Mixing cargo and commuters
COMMENT: This year, ferry transport is all the rage, at least around New York, writes Barry Parker.
At the beginning of May, service began on NYC Ferry, operated by Hornblower Marine, a veteran in the local ferry and dinner boat trades.
The first route will link the physically remote Rockaway Peninsula with the downtown business district near Wall Street. The route, the first of many that will be rolled out over the next two years, will bring infrastructure-weary commuters (and curious citizens) out of the underground and onto the water.
Long time readers will remember my laments about the invisibility of port commerce and the working waterfront. But suddenly, the waterfront is now visible to a whole new audience. Yes, the operator behind the ferry hosts a completely different crew from those running the port, and yes, the ferry route is on the opposite side of the harbour from the big container docks in New Jersey. But in these days of social media, public outreach is effected by ordinary citizens out on the water tweeting, redditing, and instagramming all about their experiences.
Many of these new riders - who consume “news” via a smartphone, rather than reading press releases - are influential professionals who work in Wall Street and New York’s burgeoning media businesses.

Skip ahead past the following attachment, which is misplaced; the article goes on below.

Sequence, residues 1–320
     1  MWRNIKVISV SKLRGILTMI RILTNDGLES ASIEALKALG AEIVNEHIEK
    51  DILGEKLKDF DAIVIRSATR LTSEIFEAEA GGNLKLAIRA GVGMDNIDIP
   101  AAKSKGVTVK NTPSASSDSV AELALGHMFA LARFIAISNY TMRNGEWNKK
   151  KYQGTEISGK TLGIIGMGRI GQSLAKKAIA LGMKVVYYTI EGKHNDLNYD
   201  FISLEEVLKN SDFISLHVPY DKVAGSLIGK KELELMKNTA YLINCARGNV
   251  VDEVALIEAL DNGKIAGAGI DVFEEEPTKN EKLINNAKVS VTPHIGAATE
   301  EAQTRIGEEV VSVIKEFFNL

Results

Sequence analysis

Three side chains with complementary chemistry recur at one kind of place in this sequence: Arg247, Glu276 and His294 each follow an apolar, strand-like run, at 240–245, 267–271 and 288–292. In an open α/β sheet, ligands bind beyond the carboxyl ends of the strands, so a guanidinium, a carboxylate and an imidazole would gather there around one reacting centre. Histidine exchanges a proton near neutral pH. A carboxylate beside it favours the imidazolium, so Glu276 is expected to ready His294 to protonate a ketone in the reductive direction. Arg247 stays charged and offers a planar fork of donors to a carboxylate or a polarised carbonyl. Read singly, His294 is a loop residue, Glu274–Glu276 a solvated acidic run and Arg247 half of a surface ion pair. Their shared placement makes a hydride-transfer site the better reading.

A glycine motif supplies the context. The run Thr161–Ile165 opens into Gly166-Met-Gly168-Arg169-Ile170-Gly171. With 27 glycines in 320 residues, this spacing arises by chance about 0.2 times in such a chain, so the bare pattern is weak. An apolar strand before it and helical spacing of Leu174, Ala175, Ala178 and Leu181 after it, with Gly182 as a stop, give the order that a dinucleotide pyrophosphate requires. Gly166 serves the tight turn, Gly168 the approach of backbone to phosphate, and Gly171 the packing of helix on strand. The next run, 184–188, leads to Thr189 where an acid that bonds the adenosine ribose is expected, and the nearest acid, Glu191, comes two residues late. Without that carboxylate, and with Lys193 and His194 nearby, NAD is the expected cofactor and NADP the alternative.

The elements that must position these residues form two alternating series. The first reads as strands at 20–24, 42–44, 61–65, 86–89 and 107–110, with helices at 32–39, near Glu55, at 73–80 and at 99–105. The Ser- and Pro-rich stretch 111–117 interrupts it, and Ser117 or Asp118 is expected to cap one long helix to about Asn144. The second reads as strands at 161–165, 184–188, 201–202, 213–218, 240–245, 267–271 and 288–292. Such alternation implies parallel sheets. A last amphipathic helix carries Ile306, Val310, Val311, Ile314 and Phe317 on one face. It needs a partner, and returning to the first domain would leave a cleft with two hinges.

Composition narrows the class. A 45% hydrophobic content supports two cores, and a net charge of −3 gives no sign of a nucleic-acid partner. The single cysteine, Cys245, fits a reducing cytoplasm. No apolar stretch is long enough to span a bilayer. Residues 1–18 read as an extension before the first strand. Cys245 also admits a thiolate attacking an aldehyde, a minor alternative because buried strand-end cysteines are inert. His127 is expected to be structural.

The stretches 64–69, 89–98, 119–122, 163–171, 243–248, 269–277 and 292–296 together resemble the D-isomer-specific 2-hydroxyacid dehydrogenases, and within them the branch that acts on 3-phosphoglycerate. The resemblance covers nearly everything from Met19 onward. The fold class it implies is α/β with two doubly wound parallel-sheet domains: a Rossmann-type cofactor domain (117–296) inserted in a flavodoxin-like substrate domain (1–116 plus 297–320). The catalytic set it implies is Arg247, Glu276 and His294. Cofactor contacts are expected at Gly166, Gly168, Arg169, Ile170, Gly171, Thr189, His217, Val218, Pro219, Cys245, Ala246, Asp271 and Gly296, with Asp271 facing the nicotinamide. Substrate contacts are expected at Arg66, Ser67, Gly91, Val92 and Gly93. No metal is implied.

There are tremendous opportunities here in New York, and presumably in other ports feeling the ferry or water taxi boom, for savvy publicists to latch on to a whole new audience and recirculate all the ferry postings with a commercial slant.
In New York, the intersection of the new ferry and working commerce in the port, is, curiously, a container on barge service that began last year, linking New Jersey’s docks with Brooklyn and avoiding the impossibility of trucks crossing multiple bridges and tunnels. The barge’s shuttling pattern is clearly visible to the ferry riders.
This geographical juxtaposition in the Upper Bay around the Sunset Park neighborhood in Brooklyn - a hotbed of industrial maritime activity - should be viewed as more than a happy coincidence of lines crossing on a map with riders able to peer at 20 foot and 40 foot boxes moving across the harbour.
At a recent maritime lunch at the India House in downtown Manhattan, an official from the Maritime Administration described the local waterfront as "critical on a national level". Now, a new marketing hook exists, locally and certainly in other “invisible” ports, to create the awareness of just how important and vibrant the working waterfront is.
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